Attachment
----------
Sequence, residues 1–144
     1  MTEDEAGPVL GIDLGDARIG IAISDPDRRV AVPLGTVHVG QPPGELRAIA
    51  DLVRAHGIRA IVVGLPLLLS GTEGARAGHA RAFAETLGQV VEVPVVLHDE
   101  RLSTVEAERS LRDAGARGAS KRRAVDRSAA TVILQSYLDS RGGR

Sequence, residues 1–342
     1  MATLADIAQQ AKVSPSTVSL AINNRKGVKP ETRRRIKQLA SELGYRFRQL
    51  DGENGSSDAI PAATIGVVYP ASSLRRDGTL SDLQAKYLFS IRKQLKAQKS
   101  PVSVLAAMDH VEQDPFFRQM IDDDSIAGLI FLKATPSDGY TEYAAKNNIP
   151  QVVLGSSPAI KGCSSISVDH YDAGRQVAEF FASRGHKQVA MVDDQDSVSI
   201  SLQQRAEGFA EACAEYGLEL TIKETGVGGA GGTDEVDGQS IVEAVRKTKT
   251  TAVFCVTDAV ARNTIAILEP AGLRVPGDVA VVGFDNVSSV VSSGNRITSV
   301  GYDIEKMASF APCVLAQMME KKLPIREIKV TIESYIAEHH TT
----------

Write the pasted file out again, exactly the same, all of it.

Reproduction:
Sequence, residues 1–144
     1  MTEDEAGPVL GIDLGDARIG IAISDPDRRV AVPLGTVHVG QPPGELRAIA
    51  DLVRAHGIRA IVVGLPLLLS GTEGARAGHA RAFAETLGQV VEVPVVLHDE
   101  RLSTVEAERS LRDAGARGAS KRRAVDRSAA TVILQSYLDS RGGR

Sequence, residues 1–342
     1  MATLADIAQQ AKVSPSTVSL AINNRKGVKP ETRRRIKQLA SELGYRFRQL
    51  DGENGSSDAI PAATIGVVYP ASSLRRDGTL SDLQAKYLFS IRKQLKAQKS
   101  PVSVLAAMDH VEQDPFFRQM IDDDSIAGLI FLKATPSDGY TEYAAKNNIP
   151  QVVLGSSPAI KGCSSISVDH YDAGRQVAEF FASRGHKQVA MVDDQDSVSI
   201  SLQQRAEGFA EACAEYGLEL TIKETGVGGA GGTDEVDGQS IVEAVRKTKT
   251  TAVFCVTDAV ARNTIAILEP AGLRVPGDVA VVGFDNVSSV VSSGNRITSV
   301  GYDIEKMASF APCVLAQMME KKLPIREIKV TIESYIAEHH TT